The Eastern Conference seemed to be on the edge of becoming incredibly deep last season with the Knicks’ acquisition of Carmelo and the stacking of stars in South Beach. Dwight Howard was still Dwight Howard, and Derrick Rose and the Chicago Bulls were returning to the playoffs with a vengeance.
That was just about all the conference had to bolster, but who would come out of the East had already been predetermined.
Miami was shutting the conference down and righteously did so in last year’s playoffs by knocking out the Sixers, Celtics (who had knocked out the Knicks) and Bulls (who had handled the Pacers and the Hawks).
This season, however, the conference is wide open, and while the Knicks have changed for the better, there are franchises that have either backpedaled or remained idle. The Miami Heat have not changed their DNA much. Most of their offense relies on the Big Three.
The only development has come in the form of a line of injuries—Dwyane Wade’s nagging injuries and Chris Bosh’s hamstring—that have a lot of analysts questioning how far LeBron James can actually push Miami in the playoffs. Chicago does not bolster the talents of an entirely healthy Derrick Rose.
He is not playing 100 percent and that could kill the Bulls' chances in the postseason. How much they have achieved in the regular season without him means nothing at all. The NBA playoffs are a totally different story.
The Orlando Magic are going to be without Dwight Howard. Enough said. The Boston Celtics are looking a little stronger, but age, speed and athleticism are still questions that will hang over their heads in the postseason with the exception of Avery Bradley and Rajon Rondo.
Teams like the Indiana Pacers and the Philadelphia 76ers are not much of a threat to the monsters in the East. They are feisty franchises, but that is about it.
The Knicks need to strike immediately in order to capitalize on a prime opportunity that will more than likely extend into next season. Wade will still be on the decline if he does not improve conditioning. If the Bulls lose this season, there will be some locker room personnel changes. The Boston Big Three will be broken up almost assuredly. Why not now?
The New York Knicks are in developing mode at the point. Baron Davis is not the long-term answer and neither would Steve Nash be.
However, bringing Nash in would be an incredible teacher’s guide to up-and-coming guards in the franchise. Let’s face it: Davis is not going to be the prime candidate as a guard tutor, no matter how far he has turned back the clock.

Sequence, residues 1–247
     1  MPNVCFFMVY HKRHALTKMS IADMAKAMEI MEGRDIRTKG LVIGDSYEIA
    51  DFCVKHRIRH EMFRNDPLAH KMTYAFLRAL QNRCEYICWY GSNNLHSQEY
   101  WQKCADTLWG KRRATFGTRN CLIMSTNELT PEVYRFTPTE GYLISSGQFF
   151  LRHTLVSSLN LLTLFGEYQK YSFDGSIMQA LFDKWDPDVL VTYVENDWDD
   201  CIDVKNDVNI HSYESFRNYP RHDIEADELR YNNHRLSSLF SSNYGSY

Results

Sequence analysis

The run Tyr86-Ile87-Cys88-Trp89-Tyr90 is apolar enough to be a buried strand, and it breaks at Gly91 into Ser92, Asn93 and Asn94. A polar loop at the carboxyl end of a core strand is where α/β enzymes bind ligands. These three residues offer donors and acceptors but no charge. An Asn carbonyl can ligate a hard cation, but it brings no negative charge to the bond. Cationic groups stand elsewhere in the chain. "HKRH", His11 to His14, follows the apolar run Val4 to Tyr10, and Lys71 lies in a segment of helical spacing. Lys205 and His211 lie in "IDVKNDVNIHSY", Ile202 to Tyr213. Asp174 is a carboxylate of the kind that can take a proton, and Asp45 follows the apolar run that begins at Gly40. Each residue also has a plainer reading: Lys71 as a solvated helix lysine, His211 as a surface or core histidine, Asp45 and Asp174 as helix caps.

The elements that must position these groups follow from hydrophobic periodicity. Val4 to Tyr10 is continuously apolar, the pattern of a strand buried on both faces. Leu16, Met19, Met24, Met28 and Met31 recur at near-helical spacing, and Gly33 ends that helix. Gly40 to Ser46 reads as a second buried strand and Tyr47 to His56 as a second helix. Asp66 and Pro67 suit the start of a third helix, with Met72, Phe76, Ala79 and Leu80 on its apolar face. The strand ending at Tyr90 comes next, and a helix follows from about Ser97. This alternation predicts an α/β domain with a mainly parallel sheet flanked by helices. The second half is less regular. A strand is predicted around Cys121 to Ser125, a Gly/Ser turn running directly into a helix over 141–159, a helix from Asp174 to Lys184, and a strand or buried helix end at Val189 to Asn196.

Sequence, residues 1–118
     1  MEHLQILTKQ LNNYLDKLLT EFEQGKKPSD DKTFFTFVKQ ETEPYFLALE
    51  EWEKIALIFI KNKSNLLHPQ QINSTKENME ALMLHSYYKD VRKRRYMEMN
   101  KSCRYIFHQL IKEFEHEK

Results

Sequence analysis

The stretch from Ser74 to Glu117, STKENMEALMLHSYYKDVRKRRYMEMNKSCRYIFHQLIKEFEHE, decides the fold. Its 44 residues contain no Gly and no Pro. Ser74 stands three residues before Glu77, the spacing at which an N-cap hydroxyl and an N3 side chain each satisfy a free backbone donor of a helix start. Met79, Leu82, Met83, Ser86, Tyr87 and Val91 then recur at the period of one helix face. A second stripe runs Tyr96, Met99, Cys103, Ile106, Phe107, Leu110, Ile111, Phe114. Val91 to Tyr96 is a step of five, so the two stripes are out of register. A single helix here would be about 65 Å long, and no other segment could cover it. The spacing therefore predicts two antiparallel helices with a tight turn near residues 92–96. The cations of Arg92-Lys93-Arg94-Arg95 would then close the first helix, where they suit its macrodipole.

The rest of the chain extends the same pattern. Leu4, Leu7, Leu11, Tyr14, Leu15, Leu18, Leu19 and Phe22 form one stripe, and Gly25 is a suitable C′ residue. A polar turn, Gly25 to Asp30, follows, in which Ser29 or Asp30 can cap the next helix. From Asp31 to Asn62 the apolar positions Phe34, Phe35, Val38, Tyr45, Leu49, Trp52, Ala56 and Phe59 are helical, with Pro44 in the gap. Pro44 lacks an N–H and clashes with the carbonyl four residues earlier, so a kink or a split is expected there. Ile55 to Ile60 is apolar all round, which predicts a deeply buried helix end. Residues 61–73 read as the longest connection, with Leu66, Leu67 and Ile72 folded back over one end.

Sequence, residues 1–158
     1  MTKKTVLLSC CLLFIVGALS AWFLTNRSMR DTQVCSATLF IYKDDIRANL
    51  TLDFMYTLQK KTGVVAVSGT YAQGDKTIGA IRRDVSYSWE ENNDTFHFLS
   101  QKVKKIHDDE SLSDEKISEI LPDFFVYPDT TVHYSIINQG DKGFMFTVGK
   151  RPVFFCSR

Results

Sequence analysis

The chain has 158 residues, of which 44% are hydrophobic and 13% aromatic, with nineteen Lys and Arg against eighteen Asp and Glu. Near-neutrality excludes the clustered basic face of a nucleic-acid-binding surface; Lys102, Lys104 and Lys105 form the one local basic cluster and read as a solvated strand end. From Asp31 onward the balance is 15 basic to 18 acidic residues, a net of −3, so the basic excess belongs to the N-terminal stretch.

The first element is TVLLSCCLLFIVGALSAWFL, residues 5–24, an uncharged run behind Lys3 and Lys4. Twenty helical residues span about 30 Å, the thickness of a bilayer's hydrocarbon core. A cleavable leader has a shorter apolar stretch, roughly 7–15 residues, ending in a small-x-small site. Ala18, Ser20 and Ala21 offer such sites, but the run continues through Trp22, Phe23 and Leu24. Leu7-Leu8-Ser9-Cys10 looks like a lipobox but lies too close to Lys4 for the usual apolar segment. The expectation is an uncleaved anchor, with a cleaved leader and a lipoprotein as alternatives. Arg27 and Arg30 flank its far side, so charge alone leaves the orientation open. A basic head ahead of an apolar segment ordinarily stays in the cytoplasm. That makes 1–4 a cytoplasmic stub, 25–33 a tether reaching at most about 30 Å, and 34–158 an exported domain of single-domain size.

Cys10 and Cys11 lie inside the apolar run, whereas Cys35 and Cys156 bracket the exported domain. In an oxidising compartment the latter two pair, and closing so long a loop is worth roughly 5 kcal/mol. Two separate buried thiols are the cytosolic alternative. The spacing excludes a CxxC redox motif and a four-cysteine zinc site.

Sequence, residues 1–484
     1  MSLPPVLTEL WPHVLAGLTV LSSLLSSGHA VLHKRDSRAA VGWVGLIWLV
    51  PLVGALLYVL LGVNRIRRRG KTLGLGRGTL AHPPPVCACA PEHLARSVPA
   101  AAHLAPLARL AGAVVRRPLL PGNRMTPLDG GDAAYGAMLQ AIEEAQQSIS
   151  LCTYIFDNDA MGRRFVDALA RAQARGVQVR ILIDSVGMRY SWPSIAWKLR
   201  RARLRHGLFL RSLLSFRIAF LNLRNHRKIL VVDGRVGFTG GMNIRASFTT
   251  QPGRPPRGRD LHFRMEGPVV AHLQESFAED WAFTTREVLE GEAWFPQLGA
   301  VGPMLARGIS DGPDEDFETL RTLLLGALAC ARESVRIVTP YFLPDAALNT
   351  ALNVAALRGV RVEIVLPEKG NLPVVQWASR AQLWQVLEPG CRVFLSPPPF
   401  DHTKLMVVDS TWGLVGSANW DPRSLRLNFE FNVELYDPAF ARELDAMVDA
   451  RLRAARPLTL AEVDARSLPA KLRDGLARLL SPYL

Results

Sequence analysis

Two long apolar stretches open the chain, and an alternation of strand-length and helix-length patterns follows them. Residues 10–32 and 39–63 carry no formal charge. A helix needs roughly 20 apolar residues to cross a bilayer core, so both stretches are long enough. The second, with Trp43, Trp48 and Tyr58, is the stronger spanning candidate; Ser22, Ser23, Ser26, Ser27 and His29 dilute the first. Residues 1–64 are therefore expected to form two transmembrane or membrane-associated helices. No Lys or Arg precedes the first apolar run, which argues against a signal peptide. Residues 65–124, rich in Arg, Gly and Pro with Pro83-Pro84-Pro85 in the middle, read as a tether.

With his work ethic steadily being questioned, NY should look toward another avenue in order to present its younger players, guards specifically, with an ideal perspective. Who better than Nash to partake in that process?
He is the kind of point the Knicks need to play with if they are going to put their faith in the hands of Carmelo Anthony for an extended period of time, as it seems they will.
Nash’s conditioning, work ethic, leadership on and off the court, as well as his focus force him into the light of an incredible teacher for young men with raw tools that need to be shaped for a future starting position.
Can you imagine how things may have changed if the Knicks were a better prospect in the summer of 2010?
Their campaign for LeBron James was massive, but what if they had better options? What if they had a solid roster to market to him? Would things be different? Would he have passed up the opportunity to play for one of the largest and most dedicated crowds in the world? Maybe.
However, the huge what-if is enough to dwell on the question and consider it when deciding whether or not to pursue Steve Nash.
Free agents are lured by the standing members of a franchise and the promise they give. Here is a list of the players headlining the 2013 free-agency class:
Here are a bunch of players with a lot of time left on their clocks in the league with skill sets particularly similar to what the Knicks need. Bringing in either of these players would change the Knicks incredibly. Winning, sooner rather than later, would only boost New York’s chances of edging into bargain doors.
Even if the Knicks fail to win a championship in the next year, they would have made strides far greater than simply the first round of the playoffs—with Steve Nash’s help, of course—and could offer greener grass.
Stephen Curry does not seem like the answer for the Golden State Warriors, but he’s too valuable for them to just let go, at least right now.
Kyrie Irving is going to be on the bottom edge of the playoffs for seasons and seasons to come with the Cleveland Cavaliers.
Brandon Jennings needs a way out of Milwaukee and a fresh start in the league.
Ty Lawson is heading nowhere fast with the Denver Nuggets as they have staked so much claim in newcomer JaVale McGee.
James Harden may be looking for a heightened role in an established organization and his ability to score will propel him in any franchise’s eyes.
Nash would make New York an easy sell. Period.